His leash was also extremely short, which prevented him from trying to work out of his slump at the plate. The only way a baseball player can fix his swing is to get more at bats, and that's something that Belt was not given in 2011. He was sent down to the minor leagues at times to work out the kinks in his swing, but Belt has already proven that he's capable to mashing minor league hitting.
So now that last season is nothing but a distant memory, what will Belt's role be in 2012?
Are the Giants going to acknowledge that he is the first baseman of the future and award him with the starting job on Opening Day?
Is he going to start the season in the major leagues, but sit on the bench and play right field every other three days?
Is he going to start the season in triple-A so that he can get some playing time every day?
Deciding what to do with Belt will be Bruce Bochy's toughest decision of the spring.
There was one thing that the Giants wanted to accomplish this offseason: re-sign Tim Lincecum and Matt Cain to long-term contracts.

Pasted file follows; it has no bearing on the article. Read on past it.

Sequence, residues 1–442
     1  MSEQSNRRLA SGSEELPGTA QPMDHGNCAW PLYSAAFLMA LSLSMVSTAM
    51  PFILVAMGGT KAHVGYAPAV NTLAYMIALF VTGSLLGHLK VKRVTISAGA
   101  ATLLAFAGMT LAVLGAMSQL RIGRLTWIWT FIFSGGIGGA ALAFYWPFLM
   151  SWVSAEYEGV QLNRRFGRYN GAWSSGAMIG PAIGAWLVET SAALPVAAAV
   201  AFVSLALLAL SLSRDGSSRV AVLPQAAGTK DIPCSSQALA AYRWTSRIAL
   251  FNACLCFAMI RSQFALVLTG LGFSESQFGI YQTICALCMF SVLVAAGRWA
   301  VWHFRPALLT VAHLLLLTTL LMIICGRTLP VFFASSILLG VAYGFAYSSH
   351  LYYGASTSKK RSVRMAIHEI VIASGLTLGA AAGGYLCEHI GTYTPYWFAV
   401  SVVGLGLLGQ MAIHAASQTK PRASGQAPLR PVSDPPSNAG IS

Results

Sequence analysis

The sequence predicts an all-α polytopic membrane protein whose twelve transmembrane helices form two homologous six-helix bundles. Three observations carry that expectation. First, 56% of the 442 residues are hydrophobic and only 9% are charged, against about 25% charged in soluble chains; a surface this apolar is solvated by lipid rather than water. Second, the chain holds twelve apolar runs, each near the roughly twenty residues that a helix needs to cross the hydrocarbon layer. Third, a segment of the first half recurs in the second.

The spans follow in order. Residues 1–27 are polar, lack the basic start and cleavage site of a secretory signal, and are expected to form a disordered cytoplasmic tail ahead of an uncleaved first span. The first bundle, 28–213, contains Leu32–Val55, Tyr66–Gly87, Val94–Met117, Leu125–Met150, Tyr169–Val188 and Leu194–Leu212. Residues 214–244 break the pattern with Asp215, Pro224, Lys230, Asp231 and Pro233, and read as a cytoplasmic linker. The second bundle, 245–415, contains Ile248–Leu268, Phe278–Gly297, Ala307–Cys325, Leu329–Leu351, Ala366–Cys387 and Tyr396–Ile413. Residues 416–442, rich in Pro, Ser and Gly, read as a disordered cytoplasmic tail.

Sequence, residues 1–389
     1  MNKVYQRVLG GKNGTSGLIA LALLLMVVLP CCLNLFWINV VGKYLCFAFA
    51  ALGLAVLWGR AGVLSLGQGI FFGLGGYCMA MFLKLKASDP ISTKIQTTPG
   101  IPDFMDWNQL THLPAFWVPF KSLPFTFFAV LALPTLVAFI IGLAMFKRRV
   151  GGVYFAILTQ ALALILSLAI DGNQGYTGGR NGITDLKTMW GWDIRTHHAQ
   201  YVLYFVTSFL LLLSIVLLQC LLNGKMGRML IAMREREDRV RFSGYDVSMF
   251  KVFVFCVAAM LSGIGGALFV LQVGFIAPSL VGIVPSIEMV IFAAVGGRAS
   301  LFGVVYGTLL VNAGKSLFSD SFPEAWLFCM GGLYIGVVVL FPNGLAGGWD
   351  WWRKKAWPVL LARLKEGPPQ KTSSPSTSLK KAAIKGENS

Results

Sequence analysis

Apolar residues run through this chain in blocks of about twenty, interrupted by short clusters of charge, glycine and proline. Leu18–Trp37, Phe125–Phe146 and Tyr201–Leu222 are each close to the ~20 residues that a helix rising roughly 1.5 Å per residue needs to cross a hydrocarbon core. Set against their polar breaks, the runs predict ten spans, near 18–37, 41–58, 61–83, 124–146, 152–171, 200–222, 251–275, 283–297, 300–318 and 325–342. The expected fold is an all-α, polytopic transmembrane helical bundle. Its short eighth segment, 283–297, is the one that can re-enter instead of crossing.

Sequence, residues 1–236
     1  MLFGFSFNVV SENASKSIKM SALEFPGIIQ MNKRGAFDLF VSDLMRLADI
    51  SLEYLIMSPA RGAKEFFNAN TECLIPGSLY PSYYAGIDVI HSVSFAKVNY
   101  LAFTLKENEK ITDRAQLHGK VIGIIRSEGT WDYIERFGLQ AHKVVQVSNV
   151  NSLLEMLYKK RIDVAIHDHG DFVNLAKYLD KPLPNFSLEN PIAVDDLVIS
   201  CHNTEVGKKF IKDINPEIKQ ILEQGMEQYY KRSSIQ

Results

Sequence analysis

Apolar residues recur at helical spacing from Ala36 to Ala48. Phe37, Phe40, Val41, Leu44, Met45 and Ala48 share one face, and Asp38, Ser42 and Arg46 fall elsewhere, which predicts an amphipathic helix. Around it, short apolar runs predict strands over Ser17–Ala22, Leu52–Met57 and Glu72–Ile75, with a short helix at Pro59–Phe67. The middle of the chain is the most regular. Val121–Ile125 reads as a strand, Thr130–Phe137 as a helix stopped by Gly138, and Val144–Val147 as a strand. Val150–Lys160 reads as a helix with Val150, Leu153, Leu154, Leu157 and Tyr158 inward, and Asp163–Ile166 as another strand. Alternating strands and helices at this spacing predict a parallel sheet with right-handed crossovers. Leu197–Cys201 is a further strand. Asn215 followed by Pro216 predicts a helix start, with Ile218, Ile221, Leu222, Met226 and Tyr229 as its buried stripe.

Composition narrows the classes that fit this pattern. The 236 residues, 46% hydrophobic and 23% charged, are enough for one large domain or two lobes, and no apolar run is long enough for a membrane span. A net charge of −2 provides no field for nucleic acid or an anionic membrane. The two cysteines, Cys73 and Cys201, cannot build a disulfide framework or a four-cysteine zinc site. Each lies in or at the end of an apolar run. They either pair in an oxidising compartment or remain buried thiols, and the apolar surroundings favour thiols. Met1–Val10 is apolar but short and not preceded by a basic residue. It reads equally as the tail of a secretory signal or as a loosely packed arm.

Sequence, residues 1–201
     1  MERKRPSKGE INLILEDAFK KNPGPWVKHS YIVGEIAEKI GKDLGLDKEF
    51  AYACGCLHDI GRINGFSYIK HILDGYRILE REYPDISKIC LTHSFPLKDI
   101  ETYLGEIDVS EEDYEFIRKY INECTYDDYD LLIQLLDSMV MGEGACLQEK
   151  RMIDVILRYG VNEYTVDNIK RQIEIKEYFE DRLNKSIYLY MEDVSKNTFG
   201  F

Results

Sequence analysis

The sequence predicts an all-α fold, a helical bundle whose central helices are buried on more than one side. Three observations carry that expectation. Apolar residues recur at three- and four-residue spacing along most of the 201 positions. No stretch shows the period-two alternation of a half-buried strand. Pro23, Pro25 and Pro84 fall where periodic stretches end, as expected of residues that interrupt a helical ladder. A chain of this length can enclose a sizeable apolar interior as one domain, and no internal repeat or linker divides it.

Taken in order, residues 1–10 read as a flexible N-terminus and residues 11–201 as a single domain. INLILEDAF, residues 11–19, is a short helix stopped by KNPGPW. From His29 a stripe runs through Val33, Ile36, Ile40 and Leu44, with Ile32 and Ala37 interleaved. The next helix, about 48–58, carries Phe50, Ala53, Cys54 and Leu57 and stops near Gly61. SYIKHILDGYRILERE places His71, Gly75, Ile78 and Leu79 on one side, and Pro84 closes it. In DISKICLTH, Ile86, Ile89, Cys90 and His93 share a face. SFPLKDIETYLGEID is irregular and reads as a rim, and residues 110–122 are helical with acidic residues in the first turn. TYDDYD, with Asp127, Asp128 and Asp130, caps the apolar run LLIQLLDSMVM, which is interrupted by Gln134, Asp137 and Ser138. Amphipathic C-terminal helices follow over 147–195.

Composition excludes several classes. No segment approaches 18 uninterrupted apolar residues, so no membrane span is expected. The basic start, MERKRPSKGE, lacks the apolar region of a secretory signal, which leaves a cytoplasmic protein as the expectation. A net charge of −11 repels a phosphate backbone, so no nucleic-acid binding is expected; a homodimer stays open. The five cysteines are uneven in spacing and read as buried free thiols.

Lincecum got his contract, even though it was only for two more years, but Cain is still slated to become a free agent at the end of the 2012 season.
That latter part of that sentence can make a Giants fan slam his or her first down on the desk and curse Brian Sabean and Larry Baer's name aloud.
In the beginning of February, Sabean announced that the Giants had the funds to re-sign both of their aces to long-term contracts.
So what's the holdup?
Cain stated he wanted to remain with the Giants, but now he's "torn" about his future with the club. And the longer the Giants front office waits, the more likely that Cain will elect to test the free agent market. And if that happens, even if his heart is in San Francisco, it's very difficult to turn down a $150 million contract.
If, and I mean if, the Giants happen to lose Matt Cain to free agency at the end of the year, it will go against everything this team has been aspiring to become ever since Barry Bonds set them free in 2007.
The Giants have developed a formula for success, and that's to build a team around excellent starting pitching and live and die by it.
Well, that formula worked in 2010 and it won them a World Series championship.
And you know what? Cain was one of the most, and arguably the most, important piece of that formula, as he pitched 21.1 scoreless innings during the postseason.
Losing Cain would set this franchise so far back and contradict everything they have been trying to build for the past five years.
The Giants need to re-sign Cain and restrain him from the temptations that free agency will inevitably bring.